WASHINGTON, May 6, 2015 – An avian influenza outbreak wreaking havoc on Midwest poultry operations shows no signs of slowing, and now the Office of Management and Budget has authorized $330 million in emergency funding to help producers cope with the disease.

As of May 4, the disease affected almost 24 million birds in 13 states since first being detected in Oregon in December. Turkey and laying-hen flocks in Minnesota and Iowa are experiencing most of the damage, where the disease has affected 21.6 million birds since first appearing in Minnesota in March.

Funding will be primarily used for indemnity payments to producers that experience a loss due to the disease. In keeping with disease prevention protocol, all birds from an infected flock are depopulated, even those showing no signs of the disease. Farmers are then eligible for indemnity payments on healthy birds that were euthanized to prevent the spread of the H5N2 disease.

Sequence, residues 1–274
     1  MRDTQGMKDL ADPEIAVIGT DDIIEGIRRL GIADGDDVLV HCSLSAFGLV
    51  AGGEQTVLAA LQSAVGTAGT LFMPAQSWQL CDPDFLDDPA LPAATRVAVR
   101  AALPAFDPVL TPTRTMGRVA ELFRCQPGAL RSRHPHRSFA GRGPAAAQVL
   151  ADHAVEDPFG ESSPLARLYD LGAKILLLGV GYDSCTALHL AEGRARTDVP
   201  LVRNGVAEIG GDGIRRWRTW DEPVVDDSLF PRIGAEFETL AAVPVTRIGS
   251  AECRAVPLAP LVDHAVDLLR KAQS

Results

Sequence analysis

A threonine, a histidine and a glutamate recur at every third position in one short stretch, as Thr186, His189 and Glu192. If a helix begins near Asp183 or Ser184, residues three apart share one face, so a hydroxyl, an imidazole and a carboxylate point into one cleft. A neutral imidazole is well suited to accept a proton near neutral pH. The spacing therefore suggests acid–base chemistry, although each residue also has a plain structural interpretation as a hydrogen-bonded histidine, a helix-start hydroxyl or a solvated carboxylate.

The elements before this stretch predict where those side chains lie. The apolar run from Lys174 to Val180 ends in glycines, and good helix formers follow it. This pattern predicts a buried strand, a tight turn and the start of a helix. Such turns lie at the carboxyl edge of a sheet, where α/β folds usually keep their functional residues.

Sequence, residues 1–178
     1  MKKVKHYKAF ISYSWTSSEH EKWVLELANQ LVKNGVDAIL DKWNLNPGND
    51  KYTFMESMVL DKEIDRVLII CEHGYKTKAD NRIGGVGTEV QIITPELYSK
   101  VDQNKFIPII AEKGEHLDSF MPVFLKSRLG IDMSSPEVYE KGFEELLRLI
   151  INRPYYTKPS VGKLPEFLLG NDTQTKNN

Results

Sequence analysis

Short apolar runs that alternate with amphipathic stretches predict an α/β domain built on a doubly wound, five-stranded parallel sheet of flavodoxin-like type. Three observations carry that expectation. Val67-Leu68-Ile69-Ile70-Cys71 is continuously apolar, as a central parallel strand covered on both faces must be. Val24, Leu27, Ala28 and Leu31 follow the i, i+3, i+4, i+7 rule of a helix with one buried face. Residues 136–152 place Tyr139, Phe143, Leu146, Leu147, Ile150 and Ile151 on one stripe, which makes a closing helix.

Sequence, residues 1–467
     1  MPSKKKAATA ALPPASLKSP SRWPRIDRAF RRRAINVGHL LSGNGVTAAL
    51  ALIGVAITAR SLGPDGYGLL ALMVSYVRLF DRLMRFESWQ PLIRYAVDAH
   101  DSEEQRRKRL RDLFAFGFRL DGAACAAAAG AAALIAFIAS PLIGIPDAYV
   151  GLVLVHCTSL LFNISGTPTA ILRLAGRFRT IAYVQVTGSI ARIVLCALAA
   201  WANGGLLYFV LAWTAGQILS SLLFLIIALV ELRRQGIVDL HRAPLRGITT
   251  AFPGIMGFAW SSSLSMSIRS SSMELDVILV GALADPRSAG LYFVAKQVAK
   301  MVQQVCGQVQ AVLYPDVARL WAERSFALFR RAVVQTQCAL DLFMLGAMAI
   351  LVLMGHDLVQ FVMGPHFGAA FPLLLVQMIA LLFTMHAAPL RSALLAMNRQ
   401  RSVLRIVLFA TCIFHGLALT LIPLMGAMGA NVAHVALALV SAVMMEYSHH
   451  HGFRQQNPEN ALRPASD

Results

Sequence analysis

The new authorization comes on top of about $99 million already spent due to avian influenza. According USDA Chief Veterinary Officer and  Animal and Plant Health Inspection Service (APHIS) Deputy Administrator for Veterinary Services John Clifford, $84 million came from a federal authorization and $15 million came out of “money (APHIS) already had.”

According to an APHIS spokeswoman, funding will be withdrawn on an as-needed basis from the Commodity Credit Corporation (CCC) “to ensure our response to this outbreak continues to be adequately resourced.”

The Centers for Disease Control and Prevention (CDC) considers the risk to people from these infections to be low. No human cases of these viruses have been detected in the United States, Canada, or internationally.

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